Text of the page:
Region Specific profile: BetaDwarf

BetaDwarf is a co-op-focused studio with a colourful history. Its two co-founders spent seven months squatting, penniless, in a disused university classroom before being discovered, subsequently moving to a shared house in the countryside and expanding to 15 staff in the process.

A successful Kickstarter campaign for debut game Forced allowed the group to move back to Copenhagen, and the game is now doing well on Steam Greenlight. The studio was also named Danish Developer Of The Year at the 2013 Spilprisen game awards, organised by the Danish Producers Association. CEO Steffen Kabbelgaard Grønning reflects on BetaDwarf’s modest beginnings.

Congratulations on Forced’s funding success. What’s the game about?

Thanks! Forced is a one- to four-player co-op arcade adventure with puzzle and tactical elements. Players are cast as slaves in the toughest fantasy gladiator school of them all, condemned to fight as a gladiator and eventually win their freedom. You’ll face deadly trials and huge creatures, but you’ll have a Spirit Mentor called Balfus to guide you on your gladiatorial journey.

Your other game, Armies Vs Champions, puts FPS and RTS characters together. Reto-Moto and CCP are blending genres, too – do you think this kind of gameplay will become more prevalent in the future?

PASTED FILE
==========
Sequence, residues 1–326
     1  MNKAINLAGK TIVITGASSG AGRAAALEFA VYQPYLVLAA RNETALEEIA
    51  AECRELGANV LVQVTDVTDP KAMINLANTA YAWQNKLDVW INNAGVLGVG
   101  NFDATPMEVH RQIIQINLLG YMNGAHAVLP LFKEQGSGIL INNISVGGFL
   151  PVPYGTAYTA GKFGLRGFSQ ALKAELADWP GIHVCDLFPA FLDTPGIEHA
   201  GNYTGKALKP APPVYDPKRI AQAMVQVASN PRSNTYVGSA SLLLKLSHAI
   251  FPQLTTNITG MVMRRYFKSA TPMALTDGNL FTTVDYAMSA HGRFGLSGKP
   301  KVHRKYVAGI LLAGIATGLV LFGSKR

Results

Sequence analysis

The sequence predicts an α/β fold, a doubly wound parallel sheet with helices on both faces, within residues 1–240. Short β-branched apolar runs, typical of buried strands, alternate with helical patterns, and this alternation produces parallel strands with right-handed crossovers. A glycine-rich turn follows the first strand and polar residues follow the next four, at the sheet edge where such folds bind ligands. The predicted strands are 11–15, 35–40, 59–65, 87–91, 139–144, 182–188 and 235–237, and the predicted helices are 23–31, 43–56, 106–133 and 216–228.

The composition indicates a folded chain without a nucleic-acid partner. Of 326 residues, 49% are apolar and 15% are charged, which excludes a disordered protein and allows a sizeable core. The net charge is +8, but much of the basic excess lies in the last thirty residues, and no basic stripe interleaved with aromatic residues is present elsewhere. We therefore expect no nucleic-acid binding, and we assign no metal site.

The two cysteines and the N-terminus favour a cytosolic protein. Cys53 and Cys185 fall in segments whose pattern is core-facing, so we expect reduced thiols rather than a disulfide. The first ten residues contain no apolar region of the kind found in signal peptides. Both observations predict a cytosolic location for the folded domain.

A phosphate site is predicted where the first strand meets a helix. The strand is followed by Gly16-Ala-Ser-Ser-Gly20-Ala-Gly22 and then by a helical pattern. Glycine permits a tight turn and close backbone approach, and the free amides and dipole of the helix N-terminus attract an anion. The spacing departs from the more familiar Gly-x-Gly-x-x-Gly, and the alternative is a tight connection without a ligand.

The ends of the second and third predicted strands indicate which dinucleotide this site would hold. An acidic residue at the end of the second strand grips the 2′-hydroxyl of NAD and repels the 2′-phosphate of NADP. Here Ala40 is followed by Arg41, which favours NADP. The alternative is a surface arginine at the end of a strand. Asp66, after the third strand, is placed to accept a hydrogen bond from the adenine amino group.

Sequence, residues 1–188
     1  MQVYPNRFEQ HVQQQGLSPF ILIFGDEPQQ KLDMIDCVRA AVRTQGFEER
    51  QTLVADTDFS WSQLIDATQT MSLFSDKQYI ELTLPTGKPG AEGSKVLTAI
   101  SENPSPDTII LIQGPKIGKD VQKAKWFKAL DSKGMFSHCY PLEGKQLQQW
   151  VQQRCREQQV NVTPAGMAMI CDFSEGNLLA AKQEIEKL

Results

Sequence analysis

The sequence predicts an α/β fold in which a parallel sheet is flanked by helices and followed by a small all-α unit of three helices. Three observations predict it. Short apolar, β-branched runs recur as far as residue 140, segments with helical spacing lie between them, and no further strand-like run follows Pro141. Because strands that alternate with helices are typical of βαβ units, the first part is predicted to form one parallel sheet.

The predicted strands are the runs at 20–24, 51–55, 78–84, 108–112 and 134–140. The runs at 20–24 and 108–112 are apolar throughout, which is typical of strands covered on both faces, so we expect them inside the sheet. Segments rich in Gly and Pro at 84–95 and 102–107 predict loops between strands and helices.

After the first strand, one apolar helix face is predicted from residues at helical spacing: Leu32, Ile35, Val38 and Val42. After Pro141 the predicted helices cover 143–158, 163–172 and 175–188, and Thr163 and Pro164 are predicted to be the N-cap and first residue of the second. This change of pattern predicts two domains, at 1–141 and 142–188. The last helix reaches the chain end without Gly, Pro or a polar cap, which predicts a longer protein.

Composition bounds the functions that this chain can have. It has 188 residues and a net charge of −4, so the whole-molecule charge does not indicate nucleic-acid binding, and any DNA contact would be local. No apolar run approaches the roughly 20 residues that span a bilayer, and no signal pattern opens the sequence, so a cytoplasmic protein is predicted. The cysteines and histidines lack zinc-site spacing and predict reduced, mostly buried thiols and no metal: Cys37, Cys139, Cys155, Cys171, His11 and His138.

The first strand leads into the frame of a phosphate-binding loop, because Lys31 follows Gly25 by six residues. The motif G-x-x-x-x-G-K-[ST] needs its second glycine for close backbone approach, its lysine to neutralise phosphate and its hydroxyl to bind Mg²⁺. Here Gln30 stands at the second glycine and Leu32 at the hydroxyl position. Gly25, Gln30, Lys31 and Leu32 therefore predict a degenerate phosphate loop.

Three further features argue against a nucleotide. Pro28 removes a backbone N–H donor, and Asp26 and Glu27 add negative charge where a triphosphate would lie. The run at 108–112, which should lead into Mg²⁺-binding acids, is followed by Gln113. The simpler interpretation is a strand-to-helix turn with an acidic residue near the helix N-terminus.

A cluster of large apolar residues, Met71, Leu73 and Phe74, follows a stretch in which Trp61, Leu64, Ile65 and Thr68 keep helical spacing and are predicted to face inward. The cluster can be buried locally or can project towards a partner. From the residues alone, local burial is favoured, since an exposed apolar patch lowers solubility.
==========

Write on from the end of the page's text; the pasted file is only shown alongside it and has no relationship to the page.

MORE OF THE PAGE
I think a lot of genres have already been determined, and many designers go around thinking, ‘What if I blend this genre with that genre?’ I think such questions lead to design challenges that, if solved, will result in very interesting videogames and communities. The obvious one is still up for grabs – blend FIFA and Modern Warfare and you’ll have world domination.

E3 was defined by networked, multiplayer experiences. Do you see this as the next major area of innovation?

More studios than ever are focusing on experiences that will get the players to stay for as long as possible, and a great way to increase longevity is by including other players. I’m not sure how healthy that is for the industry, as it leans towards a market with more monopolies where only the biggest survive.

Your Kickstarter campaign for Forced was heading for failure for a time. What do you think caused that, and why did it turn around so abruptly?

I think we were an unknown team with a new IP that wasn’t directly aimed at being a retro remake people could relate to, and then UK devs charged in with like 15 cool projects, rendering the fight for press an equal challenge to playing Demon’s Souls with permadeath turned on. So we tried to target something other than the games press, and made an image that conveyed the idea of living in a cardboard box with a laptop in the pursuit of a dream. It spread virally and we got the funding.

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